It is important to remember, however, that paragraph (b) does not give the Government an open-ended power to control all kinds of technology. Controls can be imposed only on military goods and technology, on other goods or technology that are controlled as a result of our EC and other international obligations and on classes of technology or goods whose transfer or export from the UK could threaten one or more of the damaging consequences set out in the schedule. In view of the reasons and arguments that I have given, I invite the noble Baroness, Lady Miller, to withdraw the amendment.

6 p.m.

Lord Burnham

On the assumption that my noble friend will withdraw the amendment—she may not—will the Minister, before Report, consider some definition of the difference between the kind of dodgy company mentioned by the noble Lord, Lord Judd and BAe Systems? As it stands, those two extremes are being treated in the same manner. That is not reasonable.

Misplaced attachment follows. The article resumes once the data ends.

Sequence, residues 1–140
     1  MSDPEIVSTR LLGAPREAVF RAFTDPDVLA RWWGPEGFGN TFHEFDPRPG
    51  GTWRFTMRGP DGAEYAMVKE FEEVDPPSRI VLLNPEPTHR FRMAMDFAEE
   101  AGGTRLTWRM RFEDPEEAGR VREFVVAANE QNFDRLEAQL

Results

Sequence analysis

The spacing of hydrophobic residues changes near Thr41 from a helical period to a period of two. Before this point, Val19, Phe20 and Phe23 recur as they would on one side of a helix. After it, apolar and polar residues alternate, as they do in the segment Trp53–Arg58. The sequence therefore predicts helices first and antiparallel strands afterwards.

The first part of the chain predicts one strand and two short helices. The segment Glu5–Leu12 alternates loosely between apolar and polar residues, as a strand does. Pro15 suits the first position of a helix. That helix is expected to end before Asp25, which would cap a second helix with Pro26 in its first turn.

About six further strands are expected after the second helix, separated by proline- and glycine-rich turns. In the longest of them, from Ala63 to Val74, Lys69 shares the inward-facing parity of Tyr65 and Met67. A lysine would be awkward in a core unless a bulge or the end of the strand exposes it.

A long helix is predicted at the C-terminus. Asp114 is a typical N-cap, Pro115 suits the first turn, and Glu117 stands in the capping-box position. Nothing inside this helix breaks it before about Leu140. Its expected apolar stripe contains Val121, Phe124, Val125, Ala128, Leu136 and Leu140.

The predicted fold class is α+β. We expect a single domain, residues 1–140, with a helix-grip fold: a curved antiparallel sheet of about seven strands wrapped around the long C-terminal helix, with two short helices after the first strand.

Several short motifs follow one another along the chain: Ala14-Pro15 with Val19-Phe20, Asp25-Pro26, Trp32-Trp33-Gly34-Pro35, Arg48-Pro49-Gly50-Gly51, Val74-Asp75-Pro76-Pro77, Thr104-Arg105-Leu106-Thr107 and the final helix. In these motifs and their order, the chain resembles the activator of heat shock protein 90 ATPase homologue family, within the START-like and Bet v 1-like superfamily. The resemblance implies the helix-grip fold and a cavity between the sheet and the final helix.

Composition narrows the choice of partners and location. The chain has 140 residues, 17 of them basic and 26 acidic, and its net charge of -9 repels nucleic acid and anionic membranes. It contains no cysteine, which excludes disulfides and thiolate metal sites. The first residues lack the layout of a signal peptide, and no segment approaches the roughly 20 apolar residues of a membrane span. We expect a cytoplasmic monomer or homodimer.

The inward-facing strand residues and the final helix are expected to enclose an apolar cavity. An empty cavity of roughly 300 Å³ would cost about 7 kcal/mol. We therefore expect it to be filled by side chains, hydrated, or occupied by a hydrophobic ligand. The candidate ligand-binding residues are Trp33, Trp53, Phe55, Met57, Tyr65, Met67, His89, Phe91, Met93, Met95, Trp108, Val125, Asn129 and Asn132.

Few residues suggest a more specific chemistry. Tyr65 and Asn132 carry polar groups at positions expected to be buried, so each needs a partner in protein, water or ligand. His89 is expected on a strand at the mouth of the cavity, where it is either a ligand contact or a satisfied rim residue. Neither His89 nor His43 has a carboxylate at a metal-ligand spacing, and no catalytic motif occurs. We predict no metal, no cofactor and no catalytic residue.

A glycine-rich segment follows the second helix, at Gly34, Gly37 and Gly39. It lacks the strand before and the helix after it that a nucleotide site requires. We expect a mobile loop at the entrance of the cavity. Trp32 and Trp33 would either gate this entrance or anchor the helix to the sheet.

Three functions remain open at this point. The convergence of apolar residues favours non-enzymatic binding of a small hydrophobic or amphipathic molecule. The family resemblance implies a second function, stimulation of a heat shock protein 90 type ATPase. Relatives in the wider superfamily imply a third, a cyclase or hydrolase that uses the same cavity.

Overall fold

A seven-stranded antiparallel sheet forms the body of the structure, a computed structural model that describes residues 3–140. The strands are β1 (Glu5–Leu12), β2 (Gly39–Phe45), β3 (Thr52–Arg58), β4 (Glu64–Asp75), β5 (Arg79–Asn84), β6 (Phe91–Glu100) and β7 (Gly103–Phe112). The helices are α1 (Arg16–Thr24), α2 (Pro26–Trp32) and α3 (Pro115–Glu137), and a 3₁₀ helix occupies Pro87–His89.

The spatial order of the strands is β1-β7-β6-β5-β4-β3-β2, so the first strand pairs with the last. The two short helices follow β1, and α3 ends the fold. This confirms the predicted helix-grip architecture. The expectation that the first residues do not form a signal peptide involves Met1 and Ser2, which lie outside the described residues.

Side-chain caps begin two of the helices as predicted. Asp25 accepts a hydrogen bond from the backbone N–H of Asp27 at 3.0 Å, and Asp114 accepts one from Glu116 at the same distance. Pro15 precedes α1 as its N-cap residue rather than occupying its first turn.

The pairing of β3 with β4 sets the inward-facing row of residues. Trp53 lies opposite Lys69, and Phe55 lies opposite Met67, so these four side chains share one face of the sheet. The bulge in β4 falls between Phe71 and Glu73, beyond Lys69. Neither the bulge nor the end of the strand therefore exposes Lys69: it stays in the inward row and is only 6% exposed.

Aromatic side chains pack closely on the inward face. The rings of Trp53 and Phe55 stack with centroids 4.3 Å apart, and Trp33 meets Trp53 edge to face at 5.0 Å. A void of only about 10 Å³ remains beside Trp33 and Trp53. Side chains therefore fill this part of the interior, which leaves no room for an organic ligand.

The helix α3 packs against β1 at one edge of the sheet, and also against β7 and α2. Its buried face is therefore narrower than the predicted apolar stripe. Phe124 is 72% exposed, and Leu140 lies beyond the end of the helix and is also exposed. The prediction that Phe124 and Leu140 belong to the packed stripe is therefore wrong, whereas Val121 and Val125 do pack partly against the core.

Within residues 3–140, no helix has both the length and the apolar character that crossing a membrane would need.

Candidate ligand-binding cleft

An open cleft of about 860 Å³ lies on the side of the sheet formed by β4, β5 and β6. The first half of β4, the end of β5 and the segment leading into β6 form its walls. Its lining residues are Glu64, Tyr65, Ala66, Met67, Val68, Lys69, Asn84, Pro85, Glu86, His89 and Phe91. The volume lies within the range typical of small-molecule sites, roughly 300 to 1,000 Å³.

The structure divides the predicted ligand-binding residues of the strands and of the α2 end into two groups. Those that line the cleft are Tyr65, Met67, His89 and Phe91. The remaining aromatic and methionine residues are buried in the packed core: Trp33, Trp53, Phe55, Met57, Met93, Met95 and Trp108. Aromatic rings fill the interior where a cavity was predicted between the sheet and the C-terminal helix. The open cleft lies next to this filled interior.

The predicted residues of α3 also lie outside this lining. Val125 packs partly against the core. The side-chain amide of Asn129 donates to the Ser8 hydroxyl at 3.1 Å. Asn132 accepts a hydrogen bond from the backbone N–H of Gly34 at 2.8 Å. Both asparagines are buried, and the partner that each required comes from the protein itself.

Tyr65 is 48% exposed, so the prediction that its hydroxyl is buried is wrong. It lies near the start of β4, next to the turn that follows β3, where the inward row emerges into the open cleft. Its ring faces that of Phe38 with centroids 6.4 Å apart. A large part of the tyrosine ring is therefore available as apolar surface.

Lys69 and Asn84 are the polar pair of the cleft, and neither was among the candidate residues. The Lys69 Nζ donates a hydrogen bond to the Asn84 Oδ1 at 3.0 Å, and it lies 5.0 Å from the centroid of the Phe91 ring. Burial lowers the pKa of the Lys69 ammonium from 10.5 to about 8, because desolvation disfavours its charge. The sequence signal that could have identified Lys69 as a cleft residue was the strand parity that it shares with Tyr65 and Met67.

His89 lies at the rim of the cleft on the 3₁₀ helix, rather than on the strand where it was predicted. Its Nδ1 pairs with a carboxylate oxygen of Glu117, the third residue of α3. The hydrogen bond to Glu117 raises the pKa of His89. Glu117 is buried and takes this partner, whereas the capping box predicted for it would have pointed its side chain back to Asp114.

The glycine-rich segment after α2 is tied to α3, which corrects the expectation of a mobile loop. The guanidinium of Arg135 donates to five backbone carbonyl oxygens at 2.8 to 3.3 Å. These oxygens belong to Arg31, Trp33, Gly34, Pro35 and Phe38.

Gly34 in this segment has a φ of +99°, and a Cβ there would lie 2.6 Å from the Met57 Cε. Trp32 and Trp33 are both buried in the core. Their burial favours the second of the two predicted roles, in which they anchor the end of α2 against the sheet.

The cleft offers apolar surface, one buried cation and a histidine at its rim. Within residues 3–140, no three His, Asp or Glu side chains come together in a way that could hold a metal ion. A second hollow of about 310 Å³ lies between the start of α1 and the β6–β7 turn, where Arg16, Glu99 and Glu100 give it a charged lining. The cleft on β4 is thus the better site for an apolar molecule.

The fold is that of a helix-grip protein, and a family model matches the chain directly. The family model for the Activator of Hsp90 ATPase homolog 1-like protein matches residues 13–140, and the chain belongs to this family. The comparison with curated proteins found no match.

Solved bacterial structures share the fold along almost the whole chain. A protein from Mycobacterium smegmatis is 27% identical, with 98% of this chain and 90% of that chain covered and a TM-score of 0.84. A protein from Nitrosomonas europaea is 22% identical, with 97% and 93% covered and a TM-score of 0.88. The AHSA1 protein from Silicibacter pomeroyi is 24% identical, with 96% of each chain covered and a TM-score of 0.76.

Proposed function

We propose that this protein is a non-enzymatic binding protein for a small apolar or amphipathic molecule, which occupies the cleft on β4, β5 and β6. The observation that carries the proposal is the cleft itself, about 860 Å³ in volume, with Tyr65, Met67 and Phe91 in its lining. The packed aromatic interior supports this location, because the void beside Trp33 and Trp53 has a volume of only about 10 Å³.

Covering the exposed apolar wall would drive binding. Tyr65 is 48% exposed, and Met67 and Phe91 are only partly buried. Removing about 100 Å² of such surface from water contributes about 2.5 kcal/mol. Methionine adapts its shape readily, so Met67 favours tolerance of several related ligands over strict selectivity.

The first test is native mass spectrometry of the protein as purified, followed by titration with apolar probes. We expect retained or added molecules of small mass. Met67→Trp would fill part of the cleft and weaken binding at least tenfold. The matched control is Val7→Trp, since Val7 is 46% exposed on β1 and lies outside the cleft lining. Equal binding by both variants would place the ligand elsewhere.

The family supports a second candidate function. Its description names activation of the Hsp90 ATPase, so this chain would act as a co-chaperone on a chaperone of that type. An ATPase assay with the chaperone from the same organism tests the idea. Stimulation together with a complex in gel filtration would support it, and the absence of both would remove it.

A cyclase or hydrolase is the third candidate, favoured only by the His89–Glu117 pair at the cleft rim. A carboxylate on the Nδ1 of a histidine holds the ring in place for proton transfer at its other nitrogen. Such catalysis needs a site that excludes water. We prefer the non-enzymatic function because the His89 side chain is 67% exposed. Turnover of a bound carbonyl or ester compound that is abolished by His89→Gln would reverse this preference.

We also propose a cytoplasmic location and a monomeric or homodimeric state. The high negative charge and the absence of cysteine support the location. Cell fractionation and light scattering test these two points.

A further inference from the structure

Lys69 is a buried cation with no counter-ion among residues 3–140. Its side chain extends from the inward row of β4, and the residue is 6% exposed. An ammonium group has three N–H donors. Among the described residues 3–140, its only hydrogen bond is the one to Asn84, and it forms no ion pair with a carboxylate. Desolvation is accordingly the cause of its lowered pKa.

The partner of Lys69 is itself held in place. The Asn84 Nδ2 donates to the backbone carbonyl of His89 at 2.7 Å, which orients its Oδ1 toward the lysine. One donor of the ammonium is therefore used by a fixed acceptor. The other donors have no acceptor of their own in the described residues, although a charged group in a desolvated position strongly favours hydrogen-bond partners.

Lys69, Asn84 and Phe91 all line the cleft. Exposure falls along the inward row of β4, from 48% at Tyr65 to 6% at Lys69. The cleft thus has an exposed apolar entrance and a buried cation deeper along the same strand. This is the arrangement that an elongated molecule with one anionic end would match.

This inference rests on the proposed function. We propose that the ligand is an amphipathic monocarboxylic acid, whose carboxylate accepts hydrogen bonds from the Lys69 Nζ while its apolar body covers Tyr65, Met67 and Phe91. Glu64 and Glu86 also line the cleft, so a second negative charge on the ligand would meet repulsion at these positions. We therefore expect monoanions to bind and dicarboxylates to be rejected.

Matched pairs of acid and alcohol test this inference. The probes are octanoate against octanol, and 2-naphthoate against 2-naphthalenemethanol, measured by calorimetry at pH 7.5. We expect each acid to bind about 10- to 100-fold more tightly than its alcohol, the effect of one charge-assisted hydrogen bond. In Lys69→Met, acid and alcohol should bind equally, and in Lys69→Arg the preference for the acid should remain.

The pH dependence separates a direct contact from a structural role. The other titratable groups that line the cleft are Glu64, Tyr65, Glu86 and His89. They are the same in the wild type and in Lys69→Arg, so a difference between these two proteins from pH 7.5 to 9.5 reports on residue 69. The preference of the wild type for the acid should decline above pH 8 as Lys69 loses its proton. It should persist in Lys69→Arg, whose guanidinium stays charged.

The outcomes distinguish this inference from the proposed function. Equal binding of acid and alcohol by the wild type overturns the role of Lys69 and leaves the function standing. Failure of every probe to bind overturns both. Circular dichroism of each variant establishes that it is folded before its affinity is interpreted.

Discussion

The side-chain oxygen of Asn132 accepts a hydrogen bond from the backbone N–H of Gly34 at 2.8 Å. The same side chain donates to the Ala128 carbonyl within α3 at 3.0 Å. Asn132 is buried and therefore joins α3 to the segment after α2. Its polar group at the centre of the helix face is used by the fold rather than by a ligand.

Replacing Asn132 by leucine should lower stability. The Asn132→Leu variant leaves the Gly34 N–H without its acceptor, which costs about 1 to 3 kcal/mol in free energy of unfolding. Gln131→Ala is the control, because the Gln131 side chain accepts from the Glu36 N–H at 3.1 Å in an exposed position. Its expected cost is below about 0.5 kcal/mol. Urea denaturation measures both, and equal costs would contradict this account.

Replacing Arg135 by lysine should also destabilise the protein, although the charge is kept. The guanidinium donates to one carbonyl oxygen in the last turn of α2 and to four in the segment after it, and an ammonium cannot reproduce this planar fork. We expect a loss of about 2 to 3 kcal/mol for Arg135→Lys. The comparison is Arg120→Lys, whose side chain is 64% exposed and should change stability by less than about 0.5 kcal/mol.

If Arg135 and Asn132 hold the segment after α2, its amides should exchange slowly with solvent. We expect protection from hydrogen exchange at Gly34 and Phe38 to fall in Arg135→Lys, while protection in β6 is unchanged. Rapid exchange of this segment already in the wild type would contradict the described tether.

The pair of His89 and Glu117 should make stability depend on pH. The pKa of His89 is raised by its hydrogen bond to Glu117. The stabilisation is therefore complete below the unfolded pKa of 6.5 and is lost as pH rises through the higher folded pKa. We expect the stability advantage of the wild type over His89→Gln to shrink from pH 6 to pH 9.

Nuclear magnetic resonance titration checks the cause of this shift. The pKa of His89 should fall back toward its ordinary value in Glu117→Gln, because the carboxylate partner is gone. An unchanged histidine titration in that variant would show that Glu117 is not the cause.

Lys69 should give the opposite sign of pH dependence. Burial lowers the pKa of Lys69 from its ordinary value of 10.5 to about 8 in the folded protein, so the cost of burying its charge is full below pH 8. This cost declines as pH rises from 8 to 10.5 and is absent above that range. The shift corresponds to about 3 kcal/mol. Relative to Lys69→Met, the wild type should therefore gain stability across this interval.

Lord Sainsbury of Turville

We are talking about the legislation, which covers the action that the Secretary of State cart take. When it comes to open licences for individual companies, the reputation of the company is the sort of factor that would be taken into account in deciding whether open licences would be given. That would distinguish between different companies; it need not be taken account of in the legislation. We must have the power to stop technology moving within a company, which would drive a hole in the Bill.

Baroness Miller of Hendon

I thank the Minister for his comprehensive answer to the amendments. As far as concerns Amendment No. 6, I shall read the record carefully, but it seems that it has been covered as I would have wanted. I shall make sure of that, as the Minister would expect me to.